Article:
A revelation, essentially, albeit a shabby and battered one. This is the earliest live incarnation of The Fall that I have yet clapped ears on; it could be either the first or second line-up of the band (the booklet notes concentrate on discussion of the music rather than the permanently revolving door of the group's family tree), and this recording predates the release of their debut album, "Live At The Witch Trials". If you've grown up on Mark E Smith's pissed pensioner on-stage performances his between-song banter with the audience and vitriolic delivery of some of his most crackling lyrics will come as something as a shock. The material encountered here forms a goodly part of the reason why The Fall are still so revered today. The setlist includes early classics like the New Wave-baiting, Devo-slamming "It's The New Thing" and the blank-eyed anti-Fascism of "Various Times" (and is that a barely encoded namecheck for Ian Curtis in the lyrics?). Smith is even better when scything into the state of contemporary popular entertainment: "Mess Of My" begins with his instruction to the band "A note of your own choice, gentlemen" and launches into something impenetrable about Swedish singers, DLT and "Top Of The Pops", whilst the incredible nine-minute "Music Scene" swings drunkenly from gumming my Alma Mater, Salford University, to the practice of buying records. There's even comedy: when the unnamed bass player loses a string before beginning the aforementioned epic, Smith comments "It's the avant-garde part of the set", to which the bassist counters "Avant-garde a third string", and "Bingo Master's Breakout" begins with Smith leaving the stage to retrieve his cup of tea from the dressing room.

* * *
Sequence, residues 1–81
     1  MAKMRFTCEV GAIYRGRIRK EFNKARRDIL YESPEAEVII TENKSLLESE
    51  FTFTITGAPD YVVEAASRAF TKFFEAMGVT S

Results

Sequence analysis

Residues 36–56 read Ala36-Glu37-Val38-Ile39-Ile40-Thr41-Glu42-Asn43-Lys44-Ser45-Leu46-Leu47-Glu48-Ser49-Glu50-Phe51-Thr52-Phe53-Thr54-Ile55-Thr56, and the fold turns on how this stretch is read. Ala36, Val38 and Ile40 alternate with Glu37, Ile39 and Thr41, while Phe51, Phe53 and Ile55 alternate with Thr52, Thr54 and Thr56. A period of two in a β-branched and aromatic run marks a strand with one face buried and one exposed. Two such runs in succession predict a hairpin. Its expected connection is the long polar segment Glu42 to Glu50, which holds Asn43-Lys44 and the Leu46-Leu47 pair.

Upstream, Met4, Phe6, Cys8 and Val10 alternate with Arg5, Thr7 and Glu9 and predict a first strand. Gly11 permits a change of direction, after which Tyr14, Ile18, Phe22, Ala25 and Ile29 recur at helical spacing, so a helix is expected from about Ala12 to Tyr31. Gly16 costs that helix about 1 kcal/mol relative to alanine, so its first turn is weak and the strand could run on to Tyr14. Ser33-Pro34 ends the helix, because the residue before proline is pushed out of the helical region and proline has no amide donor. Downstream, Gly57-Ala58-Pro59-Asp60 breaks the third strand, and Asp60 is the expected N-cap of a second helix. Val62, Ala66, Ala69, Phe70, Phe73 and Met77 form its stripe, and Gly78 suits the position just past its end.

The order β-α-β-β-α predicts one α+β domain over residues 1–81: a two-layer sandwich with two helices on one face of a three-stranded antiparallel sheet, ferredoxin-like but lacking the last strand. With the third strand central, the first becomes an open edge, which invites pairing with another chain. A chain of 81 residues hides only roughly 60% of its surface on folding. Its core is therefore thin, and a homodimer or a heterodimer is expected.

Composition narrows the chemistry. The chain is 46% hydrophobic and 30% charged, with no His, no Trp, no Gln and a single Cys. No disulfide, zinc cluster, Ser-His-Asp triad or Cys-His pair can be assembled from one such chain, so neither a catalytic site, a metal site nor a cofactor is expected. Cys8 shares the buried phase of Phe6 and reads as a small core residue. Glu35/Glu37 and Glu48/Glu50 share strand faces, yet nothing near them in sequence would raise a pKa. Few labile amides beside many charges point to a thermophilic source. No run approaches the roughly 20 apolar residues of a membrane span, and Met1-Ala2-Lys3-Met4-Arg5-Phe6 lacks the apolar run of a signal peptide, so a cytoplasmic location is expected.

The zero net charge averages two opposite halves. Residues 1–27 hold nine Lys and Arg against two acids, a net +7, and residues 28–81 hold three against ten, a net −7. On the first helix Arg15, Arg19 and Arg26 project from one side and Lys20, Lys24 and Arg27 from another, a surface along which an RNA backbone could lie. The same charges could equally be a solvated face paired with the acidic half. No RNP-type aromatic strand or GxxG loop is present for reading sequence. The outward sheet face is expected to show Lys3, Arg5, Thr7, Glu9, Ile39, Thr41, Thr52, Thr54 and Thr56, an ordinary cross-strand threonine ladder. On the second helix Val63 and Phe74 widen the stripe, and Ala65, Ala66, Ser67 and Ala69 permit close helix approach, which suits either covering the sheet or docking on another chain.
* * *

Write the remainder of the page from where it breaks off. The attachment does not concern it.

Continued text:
For all that it becomes easier to forgive the lousy sound quality - there doesn't appear to be a percussionist in the house until about halfway through the set - and the shabby packaging. Although hardly the first past the post for the newcomer, if your shelves already groan under a heavy weight of Fall releases this is an astonishing slasher-movie of an aural document that strongly deserves to join them.

THE FALL Are You Are Missing Winner (Cog Sinister)